I remember my senior-class dinner at Princeton Seminary. The speaker was George Buttrick, pastor of Madison Avenue Presbyterian Church in New York City. He challenged our class of future pastors in two directions.
First, he urged us to be with the people, to be listeners in the marketplace in order to understand what people are thinking and feeling. His second counsel seemed to contradict the first: "When you are at Coney Island, don't tell the people of the concessions on the boardwalk, about which they know; tell them of the mystery of the sea, about which they do not know."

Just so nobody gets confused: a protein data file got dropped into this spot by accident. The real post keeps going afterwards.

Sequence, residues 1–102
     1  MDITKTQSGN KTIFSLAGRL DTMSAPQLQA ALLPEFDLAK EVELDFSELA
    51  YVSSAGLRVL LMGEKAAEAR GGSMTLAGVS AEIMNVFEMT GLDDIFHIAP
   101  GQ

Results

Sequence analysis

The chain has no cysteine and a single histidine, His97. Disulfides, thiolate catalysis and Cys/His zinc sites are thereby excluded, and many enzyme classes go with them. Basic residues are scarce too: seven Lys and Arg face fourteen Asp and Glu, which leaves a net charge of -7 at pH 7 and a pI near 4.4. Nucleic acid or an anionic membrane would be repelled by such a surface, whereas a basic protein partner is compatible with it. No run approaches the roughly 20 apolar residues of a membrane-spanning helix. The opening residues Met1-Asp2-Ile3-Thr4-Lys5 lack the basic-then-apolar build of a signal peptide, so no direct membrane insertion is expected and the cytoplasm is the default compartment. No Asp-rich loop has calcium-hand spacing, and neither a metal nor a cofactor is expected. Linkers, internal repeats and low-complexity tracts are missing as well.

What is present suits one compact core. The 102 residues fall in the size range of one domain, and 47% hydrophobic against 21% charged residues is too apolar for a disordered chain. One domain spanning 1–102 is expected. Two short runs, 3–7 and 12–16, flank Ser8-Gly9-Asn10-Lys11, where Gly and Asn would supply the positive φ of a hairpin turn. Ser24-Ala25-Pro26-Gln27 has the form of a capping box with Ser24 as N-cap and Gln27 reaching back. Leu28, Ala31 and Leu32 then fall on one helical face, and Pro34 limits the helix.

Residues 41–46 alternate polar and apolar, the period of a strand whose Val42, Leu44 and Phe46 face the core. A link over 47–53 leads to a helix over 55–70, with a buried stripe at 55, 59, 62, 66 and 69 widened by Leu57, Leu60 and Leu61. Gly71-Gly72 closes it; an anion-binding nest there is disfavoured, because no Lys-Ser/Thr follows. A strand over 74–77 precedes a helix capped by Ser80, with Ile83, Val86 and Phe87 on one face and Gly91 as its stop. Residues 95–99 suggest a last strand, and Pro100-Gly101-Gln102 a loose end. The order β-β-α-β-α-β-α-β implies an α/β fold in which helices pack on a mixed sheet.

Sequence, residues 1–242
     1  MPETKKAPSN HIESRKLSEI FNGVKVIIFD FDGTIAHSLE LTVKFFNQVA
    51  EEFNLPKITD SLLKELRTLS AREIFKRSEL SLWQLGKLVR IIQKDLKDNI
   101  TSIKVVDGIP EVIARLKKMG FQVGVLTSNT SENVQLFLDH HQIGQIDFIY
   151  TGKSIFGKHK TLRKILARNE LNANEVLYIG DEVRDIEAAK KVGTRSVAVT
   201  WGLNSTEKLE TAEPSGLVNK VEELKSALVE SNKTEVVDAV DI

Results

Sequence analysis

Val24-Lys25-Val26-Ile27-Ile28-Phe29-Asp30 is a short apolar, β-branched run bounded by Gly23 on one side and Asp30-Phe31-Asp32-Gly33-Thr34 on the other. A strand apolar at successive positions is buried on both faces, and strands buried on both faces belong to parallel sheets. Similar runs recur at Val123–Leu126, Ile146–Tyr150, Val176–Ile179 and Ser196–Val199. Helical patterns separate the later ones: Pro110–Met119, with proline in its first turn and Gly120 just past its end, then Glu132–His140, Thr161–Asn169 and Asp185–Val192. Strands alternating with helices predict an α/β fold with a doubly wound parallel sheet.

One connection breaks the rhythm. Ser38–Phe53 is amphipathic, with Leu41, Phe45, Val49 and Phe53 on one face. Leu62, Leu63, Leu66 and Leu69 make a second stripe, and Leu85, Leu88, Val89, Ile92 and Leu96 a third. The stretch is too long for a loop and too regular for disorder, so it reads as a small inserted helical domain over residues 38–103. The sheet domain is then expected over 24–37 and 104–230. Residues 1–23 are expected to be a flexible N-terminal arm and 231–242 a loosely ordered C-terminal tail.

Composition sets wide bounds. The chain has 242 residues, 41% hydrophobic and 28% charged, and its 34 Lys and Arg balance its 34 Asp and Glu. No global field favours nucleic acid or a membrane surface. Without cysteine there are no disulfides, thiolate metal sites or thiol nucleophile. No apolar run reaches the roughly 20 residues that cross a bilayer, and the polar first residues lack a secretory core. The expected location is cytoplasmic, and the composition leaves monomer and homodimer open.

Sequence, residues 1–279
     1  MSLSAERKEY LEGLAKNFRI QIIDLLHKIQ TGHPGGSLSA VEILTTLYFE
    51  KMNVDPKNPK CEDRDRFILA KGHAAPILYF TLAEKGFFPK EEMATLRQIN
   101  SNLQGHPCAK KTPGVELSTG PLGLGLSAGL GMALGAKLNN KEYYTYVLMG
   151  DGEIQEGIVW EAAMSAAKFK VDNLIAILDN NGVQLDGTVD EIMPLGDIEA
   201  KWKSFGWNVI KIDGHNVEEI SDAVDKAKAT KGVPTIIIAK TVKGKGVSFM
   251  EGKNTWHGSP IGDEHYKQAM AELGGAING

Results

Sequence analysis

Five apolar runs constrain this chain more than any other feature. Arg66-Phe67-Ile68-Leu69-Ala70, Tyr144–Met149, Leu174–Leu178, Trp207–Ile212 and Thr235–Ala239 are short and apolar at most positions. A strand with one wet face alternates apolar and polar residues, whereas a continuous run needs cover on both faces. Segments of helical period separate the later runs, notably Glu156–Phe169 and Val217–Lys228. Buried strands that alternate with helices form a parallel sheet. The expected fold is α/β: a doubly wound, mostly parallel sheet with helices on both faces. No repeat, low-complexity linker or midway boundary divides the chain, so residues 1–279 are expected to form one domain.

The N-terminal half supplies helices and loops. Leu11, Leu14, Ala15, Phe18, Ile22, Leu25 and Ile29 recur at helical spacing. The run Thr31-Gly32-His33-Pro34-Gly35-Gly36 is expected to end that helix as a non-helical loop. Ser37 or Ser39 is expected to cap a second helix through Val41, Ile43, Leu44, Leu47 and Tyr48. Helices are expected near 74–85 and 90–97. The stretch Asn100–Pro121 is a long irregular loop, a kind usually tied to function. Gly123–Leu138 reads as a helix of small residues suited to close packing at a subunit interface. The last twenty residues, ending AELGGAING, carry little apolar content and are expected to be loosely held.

He went on: "Don't read only what your people are reading. Read what your people are not reading."
Buttrick was impressing upon us the importance of having a mind that is alive. As well as: being physically well and spiritually committed, we need to be intellectually growing if we're to be effective Christians in the world. We need to learn the mystery of the sea if we're to explain ...1